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DHS office in Washington state shutters after employee catches the coronavirus


An office of the Department of Homeland Security (DHS) in the state of Washington has been closed for two weeks after an employee fell ill with COVID-19. The employee had apparently contracted the virus after visiting a relative at a nursing facility which is experiencing an outbreak of COVID-19.

Acting Secretary of Homeland Security Chad Wolf made the announcement at the beginning of his congressional testimony on Tuesday. Wolf revealed that the U.S. Citizenship and Immigration Services (USCIS) office in Tukwila in King County, Washington will be closed for 14 days after an employee had contracted the virus. The employee had previously visited the Life Care Center in Kirkland, Washington where a number of cases of the coronavirus (COVID-19) have been reported.

“Out of an abundance of caution, following [the] recommended procedure, I ordered a DHS facility in King County, Washington State, to close, beginning today; directed those employees to telework, if possible, in order to reduce the threat of community spread of the coronavirus,” stated Wolf. “At this time, the affected offices will remain closed 14 days, and all employees have been directed to self-quarantine for 14 days.”

Employee visited Life Care before the outbreak

DHS officials confirmed that the employee had visited Life Care in Kirkland before it was known that there was a COVID-19 outbreak at the facility. Acting Homeland Security Deputy Secretary Ken Cuccinelli stated that the employee began exhibiting flu-like symptoms four days after visiting the nursing home. According to Cuccinelli, the employee started feeling ill on February 26 after leaving work. Once the news that patients had been diagnosed with the coronavirus at the nursing home, the employee and their family self-quarantined and reported their exposure to their employers and other officials.

“DHS takes the safety & health of our employees & applicants seriously,” stated deputy secretary Cuccinelli. “We’re following CDC’s guidelines and encourage all employees and applicants to stay home if they are feeling ill or exhibiting any flu-like symptoms.”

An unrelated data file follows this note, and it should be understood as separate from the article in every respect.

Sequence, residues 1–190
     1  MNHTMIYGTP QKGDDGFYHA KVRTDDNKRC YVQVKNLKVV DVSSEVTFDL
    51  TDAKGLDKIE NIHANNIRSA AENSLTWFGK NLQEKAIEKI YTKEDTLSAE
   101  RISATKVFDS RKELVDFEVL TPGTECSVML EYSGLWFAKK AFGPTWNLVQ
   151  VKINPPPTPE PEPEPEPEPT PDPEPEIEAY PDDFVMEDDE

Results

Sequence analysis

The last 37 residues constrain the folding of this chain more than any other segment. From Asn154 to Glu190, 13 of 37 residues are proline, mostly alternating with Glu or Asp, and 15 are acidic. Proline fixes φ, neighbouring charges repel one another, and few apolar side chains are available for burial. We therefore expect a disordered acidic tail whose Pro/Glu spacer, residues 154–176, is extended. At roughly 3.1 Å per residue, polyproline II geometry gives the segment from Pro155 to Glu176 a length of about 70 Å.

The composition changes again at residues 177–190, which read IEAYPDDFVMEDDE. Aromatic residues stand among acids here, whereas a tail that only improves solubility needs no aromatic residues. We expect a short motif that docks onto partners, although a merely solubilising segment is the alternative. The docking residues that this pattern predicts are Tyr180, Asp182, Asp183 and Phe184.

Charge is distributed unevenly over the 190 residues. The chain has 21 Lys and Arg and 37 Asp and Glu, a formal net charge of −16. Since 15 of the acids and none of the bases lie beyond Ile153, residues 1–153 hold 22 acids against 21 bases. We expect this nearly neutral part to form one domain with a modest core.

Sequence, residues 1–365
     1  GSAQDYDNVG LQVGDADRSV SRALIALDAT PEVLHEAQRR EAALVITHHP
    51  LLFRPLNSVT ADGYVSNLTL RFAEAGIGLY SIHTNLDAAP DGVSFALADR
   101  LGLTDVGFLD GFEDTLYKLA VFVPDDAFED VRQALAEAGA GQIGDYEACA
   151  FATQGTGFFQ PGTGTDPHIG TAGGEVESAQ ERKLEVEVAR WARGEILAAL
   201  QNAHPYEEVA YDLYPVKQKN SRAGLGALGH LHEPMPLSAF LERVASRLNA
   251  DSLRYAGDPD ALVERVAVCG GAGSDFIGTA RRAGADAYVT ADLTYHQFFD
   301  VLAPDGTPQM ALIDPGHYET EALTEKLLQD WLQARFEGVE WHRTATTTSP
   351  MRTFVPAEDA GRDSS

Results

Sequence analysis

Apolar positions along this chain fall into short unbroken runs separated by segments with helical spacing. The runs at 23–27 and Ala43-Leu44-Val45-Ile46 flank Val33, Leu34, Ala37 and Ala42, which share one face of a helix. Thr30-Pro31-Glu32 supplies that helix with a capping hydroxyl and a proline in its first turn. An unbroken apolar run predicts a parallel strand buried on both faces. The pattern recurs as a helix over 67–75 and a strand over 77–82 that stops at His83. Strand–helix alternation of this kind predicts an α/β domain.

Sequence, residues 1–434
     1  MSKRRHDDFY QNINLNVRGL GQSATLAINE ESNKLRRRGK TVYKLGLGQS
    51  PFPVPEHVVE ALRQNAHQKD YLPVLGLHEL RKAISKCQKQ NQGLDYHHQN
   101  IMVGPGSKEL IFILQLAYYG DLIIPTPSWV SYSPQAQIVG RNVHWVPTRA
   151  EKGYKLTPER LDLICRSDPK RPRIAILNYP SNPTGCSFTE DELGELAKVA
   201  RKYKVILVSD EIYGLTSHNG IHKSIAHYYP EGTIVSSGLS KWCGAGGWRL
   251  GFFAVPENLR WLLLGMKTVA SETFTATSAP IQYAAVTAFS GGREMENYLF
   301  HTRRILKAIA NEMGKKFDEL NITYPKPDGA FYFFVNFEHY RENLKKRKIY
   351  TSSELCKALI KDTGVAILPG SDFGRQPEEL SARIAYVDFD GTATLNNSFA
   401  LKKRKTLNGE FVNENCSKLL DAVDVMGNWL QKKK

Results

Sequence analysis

Meanwhile, Wolf praised the employee for their response to their infection saying “I’m pleased to report this employee embodied what it means to lead by example.”

COVID-19 arrived in Washington state earlier than believed

Counting the DHS employee, Washington state now counts 27 cases of the COVID-19 with 9 reported deaths. The majority of the cases come from King County — where both the Life Care facility and USCIS office are located — which has 21 cases and eight deaths.

A study on the genetic structure of samples of the virus from two of the cases suggest that it may have been spreading across the state for quite some time. Both patients live in the same county but are not known to have had contact with the each other. Additionally, the second case occurred well after the first would have no longer been contagious. Dr. Trevor Bedford, an associate professor at the Fred Hutchinson Cancer Research Center and the University of Washington, states that this means that the virus could have been spreading through the community for close to six weeks. (Related: Coronavirus patient released “by mistake,” wanders through mall for two hours.)

According to Dr. Bedford, it was possible that the two cases had been introduced separately into the United States. However, he said that it was unlikely as in both cases the virus contained a rare genetic variation that has been found in only two of the 59 genetic samples that had been shared from China.

Other scientists not involved with the study have agreed with this conclusion. One such scientist, Andrew Rambaut, a professor of molecular evolution at the University of Edinburghstated that it was “extremely unlikely” that two genetically related viruses could arrive in the same geographic region of the U.S. unless they were connected.

Sources include:

CNSNews.com

Patch.com

NYTimes.com



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